Etymology
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lemniscus (n.)

"a plane curve with a characteristic 'figure-eight' shape consisting of two loops that meet at a central point," 1811, from Late Latin lemniscus "a pendent ribbon," from Greek lēmniskos "woolen ribbon, woolen tape," perhaps originally or literally "of Lemnos," the island in the Aegean, but if so the reason is obscure. Related: Lemniscate (adj.), 1781.

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carrefour (n.)
late 15c., "place where four ways meet," from Old French carrefor (13c., quarrefour), from Medieval Latin quadrifurcus "four-forked," from Latin quatuor "four" (from PIE root *kwetwer- "four") + furca "two-pronged fork" (a word of unknown etymology). "Formerly quite naturalized, but now treated only as French" [OED]. Englished variant carfax is from Middle English carfourkes.
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obviate (v.)

1590s, "to meet and dispose of, clear (something) out of the way," from Late Latin obviatus, past participle of obviare "act contrary to, go against," from Latin obvius "that is in the way, that moves against," from obviam (adv.) "in the way," from ob "in front of, against" (see ob-) + viam, accusative of via "way" (see via). Related: Obviated; obviating.

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hookup (n.)
also hook-up, "connection," 1903, from verbal phrase hook up, which is attested from 1825 in reference to yarn; 1925 as "establish a link with." The noun is from 1922 of radio sets, later of television broadcasts. Modern slang verbal sense of "to meet for sex" is attested by 2003.
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satisfice (v.)

1560s, transitive, "to satisfy" (implied in satisficed), altered from satisfy by influence of its Latin root satisfacere. A Northern English colloquial word; the modern use in the sense of "do just enough to meet" (requirements, etc.) is by c. 1956 and might be an independent formation. Related: Satisficing.

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conjoint (adj.)

"united, connected, associated," late 14c., from Old French conjoint, past participle of conjoindre "to meet, come together" (12c.), from Latin coniungere "to join together," from assimilated form of com "with, together" (see con-) + iungere "to join together" (from nasalized form of PIE root *yeug- "to join." Related: Conjointly (early 14c.).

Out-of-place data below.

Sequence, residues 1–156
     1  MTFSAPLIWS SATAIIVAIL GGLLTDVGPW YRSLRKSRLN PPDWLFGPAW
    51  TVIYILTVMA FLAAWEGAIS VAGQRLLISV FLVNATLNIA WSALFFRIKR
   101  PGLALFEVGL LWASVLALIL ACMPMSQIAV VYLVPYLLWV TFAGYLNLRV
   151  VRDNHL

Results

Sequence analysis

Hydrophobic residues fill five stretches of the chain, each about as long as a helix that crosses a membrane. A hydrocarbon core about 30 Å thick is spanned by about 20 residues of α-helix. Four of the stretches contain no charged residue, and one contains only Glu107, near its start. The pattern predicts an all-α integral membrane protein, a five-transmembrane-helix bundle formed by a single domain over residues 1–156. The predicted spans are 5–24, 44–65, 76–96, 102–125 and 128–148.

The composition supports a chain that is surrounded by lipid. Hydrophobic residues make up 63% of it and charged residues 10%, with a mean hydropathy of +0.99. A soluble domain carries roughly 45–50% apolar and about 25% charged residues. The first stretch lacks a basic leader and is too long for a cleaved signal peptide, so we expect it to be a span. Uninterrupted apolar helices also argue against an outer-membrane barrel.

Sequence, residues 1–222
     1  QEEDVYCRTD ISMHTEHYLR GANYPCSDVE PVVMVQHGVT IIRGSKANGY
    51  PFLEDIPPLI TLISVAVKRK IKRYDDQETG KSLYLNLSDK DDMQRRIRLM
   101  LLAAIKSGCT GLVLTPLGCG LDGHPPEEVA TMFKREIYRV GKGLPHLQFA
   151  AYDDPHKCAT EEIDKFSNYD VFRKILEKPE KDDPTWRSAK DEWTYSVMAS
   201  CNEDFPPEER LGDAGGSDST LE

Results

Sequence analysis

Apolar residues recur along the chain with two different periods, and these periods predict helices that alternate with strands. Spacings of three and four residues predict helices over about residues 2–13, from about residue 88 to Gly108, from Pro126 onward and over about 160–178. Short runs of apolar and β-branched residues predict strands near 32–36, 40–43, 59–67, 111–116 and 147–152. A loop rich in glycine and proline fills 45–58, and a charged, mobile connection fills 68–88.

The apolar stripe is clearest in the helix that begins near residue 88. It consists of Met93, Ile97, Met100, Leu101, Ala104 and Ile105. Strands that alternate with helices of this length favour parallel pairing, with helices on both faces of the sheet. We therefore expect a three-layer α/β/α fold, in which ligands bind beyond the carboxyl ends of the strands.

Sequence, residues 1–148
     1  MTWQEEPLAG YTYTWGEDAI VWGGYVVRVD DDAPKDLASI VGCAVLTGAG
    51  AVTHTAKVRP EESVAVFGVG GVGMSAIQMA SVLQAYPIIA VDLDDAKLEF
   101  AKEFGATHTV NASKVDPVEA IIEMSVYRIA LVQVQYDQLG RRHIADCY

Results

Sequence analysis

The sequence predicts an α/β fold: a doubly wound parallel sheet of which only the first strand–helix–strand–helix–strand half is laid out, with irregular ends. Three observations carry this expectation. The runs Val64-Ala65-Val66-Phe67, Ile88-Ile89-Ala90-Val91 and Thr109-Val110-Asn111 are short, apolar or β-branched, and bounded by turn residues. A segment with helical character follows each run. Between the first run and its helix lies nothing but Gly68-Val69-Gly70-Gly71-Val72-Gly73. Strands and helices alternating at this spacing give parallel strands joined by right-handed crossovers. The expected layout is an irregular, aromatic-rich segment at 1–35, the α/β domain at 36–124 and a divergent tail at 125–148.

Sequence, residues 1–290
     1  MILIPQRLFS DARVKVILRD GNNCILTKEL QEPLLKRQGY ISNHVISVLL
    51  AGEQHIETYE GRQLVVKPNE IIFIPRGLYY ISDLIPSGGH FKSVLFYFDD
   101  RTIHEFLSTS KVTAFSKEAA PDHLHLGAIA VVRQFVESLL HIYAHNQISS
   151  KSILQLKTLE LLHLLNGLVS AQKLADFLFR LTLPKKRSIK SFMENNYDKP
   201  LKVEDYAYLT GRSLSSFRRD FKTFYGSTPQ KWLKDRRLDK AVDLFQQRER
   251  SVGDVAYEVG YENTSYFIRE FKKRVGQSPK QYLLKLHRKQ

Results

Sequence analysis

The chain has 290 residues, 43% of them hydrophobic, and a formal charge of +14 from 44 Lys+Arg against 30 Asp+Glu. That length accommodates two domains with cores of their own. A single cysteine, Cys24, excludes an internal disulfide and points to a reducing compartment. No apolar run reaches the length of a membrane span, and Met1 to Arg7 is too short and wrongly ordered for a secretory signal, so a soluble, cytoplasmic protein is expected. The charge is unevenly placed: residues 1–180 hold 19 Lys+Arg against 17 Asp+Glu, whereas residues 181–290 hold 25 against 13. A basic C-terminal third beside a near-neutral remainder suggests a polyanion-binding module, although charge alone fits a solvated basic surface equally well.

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conclave (n.)

late 14c., "a place where cardinals meet to elect a pope," also "the assembly of cardinals to elect a pope," from Italian conclave, from Latin conclave "a private room, chamber suite," probably originally "a room which may be locked," from assimilated form of com "with, together" (see con-) + clavis "a key" (from PIE root *klau- "hook"). Extended sense of "any private assembly" is by 1560s.

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watering (n.)
Old English wæterunge "a carrying water," verbal noun from water (v.). From late 14c. as "a soaking with water;" mid-15c. as "a giving water to (an animal);" c. 1600 as "salivation." Watering-can is from 1690s (earlier water-can, late 14c.); watering-hole is from 1882 (earlier water-hole, 1670s, watering-place, mid-15c.); by 1965 in the figurative sense "place where people meet and socialize over drinks."
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conjoin (v.)

late 14c., "to join together, unite; form a union or league," from Old French conjoindre "meet, come together" (12c.), from Latin coniungere "to join together," from assimilated form of com "with, together" (see con-) + iungere "to join together" (from nasalized form of PIE root *yeug- "to join"). Related: Conjoined, conjoining. Conjoined in reference to "Siamese twins" is recorded from 1749.

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against (prep.)
12c., agenes "in opposition to, adverse, hostile; in an opposite direction or position, in contact with, in front of, so as to meet," originally a southern variant of agan (prep.) "again" (see again), with adverbial genitive. The unetymological -t turned up mid-14c. and was standard by early 16c., perhaps from influence of superlatives (see amidst). Use as a conjunction, "against the time that," hence "before," is now archaic or obsolete.
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